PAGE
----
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Brews & Views Bulletin Board Service * Brews and Views Archive 2004 * April 24, 2004 * Polyclar, yeast & a Pilsner < Previous Next >

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Gin and Tonic in a CornyHedgie Bartol04-13-04  12:40 am
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Paul Hoepper (211.29.136.12)
Posted on Monday, April 12, 2004 - 01:06 am:   Edit Post Delete Post View Post/Check IP    Ban Poster IP (Moderator/Admin only)

Guys,
I have just racked my pilsner to secondary after a primary ferment of 4 weeks at 10C. I have two questions:
1. When & how should I add the polyclar to the secondary?
2. Should I be concerned about insufficient yeast to carbonate my bottles?

Cheers
Paul
 

Sean Richens (142.161.107.178)
Posted on Monday, April 12, 2004 - 02:21 am:   Edit Post Delete Post View Post/Check IP    Ban Poster IP (Moderator/Admin only)

At this point I would add the Polyclar a couple of days before you plan to bottle. I used bentonite to clear a protein haze recently and overnight wasn't quite enough for settling out stabilizers.

The general answer to carbonation is that you'll be fine. Let the bottles sit at about 16C for a week to get them going, and then return them to lagering temperatures for a month.

That being said, I got a scare with the treated beer when I tried one and it had no head! I thought I'd completely stripped the beer, but in fact it was just really slow to carbonate. I think bentonite promotes flocculation of yeast. Polyclar shouldn't do that, but don't panic if it's slow to carbonate.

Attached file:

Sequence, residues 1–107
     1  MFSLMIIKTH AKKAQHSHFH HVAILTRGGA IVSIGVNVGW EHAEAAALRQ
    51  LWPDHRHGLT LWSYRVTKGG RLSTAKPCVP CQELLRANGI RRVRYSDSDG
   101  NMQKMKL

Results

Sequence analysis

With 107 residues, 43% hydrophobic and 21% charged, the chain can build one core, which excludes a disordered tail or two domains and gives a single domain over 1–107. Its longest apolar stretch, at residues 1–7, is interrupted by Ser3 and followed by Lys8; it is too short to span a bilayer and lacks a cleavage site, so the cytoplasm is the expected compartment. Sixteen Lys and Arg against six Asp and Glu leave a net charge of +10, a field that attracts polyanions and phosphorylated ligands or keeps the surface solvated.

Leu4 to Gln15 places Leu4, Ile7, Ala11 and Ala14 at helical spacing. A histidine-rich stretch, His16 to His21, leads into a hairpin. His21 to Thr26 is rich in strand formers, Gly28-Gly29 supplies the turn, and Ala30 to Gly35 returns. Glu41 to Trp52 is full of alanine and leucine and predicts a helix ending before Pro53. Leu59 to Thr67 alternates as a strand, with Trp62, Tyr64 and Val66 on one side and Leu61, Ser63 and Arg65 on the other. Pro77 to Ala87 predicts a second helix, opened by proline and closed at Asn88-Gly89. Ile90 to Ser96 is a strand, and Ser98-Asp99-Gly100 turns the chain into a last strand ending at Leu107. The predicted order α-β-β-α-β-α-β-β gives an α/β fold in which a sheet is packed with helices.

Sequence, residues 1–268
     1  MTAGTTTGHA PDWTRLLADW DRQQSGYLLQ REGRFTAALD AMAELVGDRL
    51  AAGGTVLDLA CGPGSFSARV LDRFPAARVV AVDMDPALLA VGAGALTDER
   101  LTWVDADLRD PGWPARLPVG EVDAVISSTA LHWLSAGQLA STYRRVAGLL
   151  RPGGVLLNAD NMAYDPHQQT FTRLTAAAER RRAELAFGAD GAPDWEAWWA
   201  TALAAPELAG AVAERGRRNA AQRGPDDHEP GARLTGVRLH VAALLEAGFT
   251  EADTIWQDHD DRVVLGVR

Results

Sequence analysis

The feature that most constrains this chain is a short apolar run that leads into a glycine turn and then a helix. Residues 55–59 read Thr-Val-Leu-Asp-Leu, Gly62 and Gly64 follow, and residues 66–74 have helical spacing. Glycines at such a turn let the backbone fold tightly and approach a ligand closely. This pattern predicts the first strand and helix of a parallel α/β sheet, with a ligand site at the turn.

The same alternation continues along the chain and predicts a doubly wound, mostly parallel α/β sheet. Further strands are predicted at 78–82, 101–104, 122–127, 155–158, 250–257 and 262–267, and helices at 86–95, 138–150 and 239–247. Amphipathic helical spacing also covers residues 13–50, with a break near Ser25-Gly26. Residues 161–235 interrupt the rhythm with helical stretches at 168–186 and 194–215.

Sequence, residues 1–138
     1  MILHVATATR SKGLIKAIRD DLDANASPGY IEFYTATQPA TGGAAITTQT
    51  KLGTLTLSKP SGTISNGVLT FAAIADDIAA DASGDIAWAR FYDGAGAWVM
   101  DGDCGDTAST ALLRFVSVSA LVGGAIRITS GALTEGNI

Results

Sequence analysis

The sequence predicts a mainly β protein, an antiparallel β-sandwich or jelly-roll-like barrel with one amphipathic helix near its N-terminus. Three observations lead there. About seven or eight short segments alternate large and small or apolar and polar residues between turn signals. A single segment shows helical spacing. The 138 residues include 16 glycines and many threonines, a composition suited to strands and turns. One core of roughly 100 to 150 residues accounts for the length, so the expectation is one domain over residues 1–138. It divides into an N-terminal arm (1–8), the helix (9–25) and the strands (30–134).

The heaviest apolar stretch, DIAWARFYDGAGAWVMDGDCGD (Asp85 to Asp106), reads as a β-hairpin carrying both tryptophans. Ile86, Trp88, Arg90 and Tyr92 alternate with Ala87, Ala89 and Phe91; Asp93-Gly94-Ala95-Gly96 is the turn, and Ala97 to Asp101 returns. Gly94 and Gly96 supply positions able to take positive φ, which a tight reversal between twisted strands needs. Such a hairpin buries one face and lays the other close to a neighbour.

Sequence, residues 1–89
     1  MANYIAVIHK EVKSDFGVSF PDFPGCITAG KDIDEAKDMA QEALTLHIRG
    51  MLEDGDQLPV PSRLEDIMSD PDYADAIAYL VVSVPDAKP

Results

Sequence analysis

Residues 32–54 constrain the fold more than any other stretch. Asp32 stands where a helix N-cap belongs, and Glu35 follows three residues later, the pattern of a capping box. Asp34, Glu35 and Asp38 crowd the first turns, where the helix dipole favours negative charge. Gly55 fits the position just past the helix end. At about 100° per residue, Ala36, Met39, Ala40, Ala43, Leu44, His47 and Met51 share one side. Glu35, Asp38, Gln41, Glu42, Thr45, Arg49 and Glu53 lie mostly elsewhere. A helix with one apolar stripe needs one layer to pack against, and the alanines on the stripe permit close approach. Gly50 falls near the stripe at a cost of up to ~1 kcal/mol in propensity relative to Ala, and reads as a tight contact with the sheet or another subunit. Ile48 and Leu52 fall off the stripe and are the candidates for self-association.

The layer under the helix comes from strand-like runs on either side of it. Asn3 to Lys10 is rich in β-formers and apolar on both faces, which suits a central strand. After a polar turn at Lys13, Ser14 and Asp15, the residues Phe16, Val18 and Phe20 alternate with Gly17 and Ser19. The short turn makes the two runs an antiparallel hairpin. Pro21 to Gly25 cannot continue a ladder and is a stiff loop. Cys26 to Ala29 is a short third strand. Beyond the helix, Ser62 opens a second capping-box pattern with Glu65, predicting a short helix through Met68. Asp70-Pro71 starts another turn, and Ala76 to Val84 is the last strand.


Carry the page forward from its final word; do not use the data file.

Vance Barnes (69.15.38.210)
Posted on Monday, April 12, 2004 - 01:40 pm:   Edit Post Delete Post View Post/Check IP    Ban Poster IP (Moderator/Admin only)

The instructions I have for Polyclar are to allow 4-6 days for settling before bottling. Instructions say add 2 tsp. to a cup of 170* water and then add to the secondary. I just added it to my CACA last week and will rack to kegs this week.
 

Hedgie Bartol (65.1.175.236)
Posted on Monday, April 12, 2004 - 07:11 pm:   Edit Post Delete Post View Post/Check IP    Ban Poster IP (Moderator/Admin only)

Is it just me, or is 4 weeks an awful long time for a primary?

I have used Polyclar for a long time, never had a problem. My instructions were similar, 1.5 tsp in 170F water. 4-6days in secondary.

My results have been some fantastically clear brews!

Hedgie
 

Wykowski (209.222.26.27)
Posted on Monday, April 12, 2004 - 07:20 pm:   Edit Post Delete Post View Post/Check IP    Ban Poster IP (Moderator/Admin only)

>"Is it just me, or is 4 weeks an awful long time for a primary?"

it's just you
 

Tom Gardner (162.119.240.100)
Posted on Monday, April 12, 2004 - 07:37 pm:   Edit Post Delete Post View Post/Check IP    Ban Poster IP (Moderator/Admin only)

Paul, Will you be lagering your Pilsner? I'd recommend a good 2 months as close to 0 C as you can get. If so I wouldn't add any finings until you are ready to bottle.

Polyclar additions have been well covered above.

By your 2nd question, I get the feeling that you think Polyclar will drop the yeast? Polyclar adsorbs tannins which combine with proteins to form chill haze.

If you want to flocculate the yeast, you can use Isinglas or gelatin.
 

Hedgie Bartol (65.1.175.236)
Posted on Monday, April 12, 2004 - 07:46 pm:   Edit Post Delete Post View Post/Check IP    Ban Poster IP (Moderator/Admin only)

Thanks Wykowski! I guess at that temp, you are right!

Hedgie
 

Dan Grady (65.29.240.188)
Posted on Monday, April 12, 2004 - 09:12 pm:   Edit Post Delete Post View Post/Check IP    Ban Poster IP (Moderator/Admin only)